HOWTO ignore the Debian installer [was Re: debian install abandoned]

Matthew Geddes mgeddes at
Thu Dec 12 10:11:34 CST 2002

On Tue, 2002-12-10 at 16:48, Dan Shearer wrote:
> Stephen,
> I completely concurr that the Debian install procedure is awful. Once
> installed however I find Debian is one of the top few operating systems I
> know of in terms of upgrade convenience, especially for servers which
> might be installed maybe once every 3-5 years. Some time ago I made sure I
> knew how to drive dselect (so that I knew what I would be missing :) and
> have avoided it ever since.
> To get this in proportion: if someone dropped around with a laptop and
> said 'quick, I need Linux running on this thing' I wouldn't even dream of
> Debian or Slackware. SuSE/Mandrake/RedHat/Conectiva would do a much better
> job in a fraction of the time.
> Here is the only way I install Debian:
> 1. minimal base install (from a boot-floppies CD + very fast network,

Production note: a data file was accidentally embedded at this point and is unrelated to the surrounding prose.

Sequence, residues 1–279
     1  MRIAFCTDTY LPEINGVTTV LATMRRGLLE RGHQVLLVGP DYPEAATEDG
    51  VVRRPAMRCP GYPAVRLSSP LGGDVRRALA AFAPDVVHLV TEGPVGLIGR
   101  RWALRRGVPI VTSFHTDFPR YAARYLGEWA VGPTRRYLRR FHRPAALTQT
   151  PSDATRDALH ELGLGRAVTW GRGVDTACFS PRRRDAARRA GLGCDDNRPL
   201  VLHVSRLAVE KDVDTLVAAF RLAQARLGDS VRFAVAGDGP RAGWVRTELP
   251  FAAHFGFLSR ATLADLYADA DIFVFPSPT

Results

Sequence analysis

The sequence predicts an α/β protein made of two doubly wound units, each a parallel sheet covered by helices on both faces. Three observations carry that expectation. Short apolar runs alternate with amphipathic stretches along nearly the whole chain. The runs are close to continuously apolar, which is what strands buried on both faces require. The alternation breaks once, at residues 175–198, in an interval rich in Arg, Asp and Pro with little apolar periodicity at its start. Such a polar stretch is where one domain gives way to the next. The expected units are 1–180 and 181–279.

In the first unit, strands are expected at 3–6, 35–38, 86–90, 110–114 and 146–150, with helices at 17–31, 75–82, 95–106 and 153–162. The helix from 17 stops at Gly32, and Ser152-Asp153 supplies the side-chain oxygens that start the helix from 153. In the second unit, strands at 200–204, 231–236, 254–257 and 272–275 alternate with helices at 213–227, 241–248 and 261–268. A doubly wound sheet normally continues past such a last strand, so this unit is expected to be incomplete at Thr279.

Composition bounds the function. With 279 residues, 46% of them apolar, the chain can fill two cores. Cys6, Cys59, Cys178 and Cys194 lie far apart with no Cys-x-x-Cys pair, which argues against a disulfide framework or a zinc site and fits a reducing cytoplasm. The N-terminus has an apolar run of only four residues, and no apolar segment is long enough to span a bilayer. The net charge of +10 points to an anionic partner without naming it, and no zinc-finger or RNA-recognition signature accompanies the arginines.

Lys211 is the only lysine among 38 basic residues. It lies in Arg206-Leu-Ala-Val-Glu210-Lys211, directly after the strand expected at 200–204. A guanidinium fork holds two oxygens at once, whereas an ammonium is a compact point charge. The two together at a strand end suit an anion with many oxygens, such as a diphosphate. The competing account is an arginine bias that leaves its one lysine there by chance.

> often a mirror setup on the local LAN from the CD set). The menu-driven
> installer is very basic, but gives more flexibility than any of them
> except Slackware if something goes wrong.

Debian 2.2 was the easiest to install. Once you got the system booted
from CD1, you could change VTs and start a shell. From there, all you
needed to do was:

 * Partition your disk
 * Create your filesystems
 * untar the tarball called 'base'
 * Install a kernel and boot loader

Once you'd done that, you could boot your debian system and apt-get your
heart out. It actually ended up taking a lot less time than using the
Debian installer.

With version Debian 3.0, the base install is no longer a tarball, but is
a group of .deb packages :-(. On the plus side, the installer is much
better than 2.2 and perhaps even becoming close to the level that
RedHat's 5.x series installers were at :-P.

> Now, speaking of awful installers, we could talk about OpenBSD... :-)

It depends on your definition of awful. I actually prefer the OpenBSD
installer over the Debian 2.2 installer. :-)



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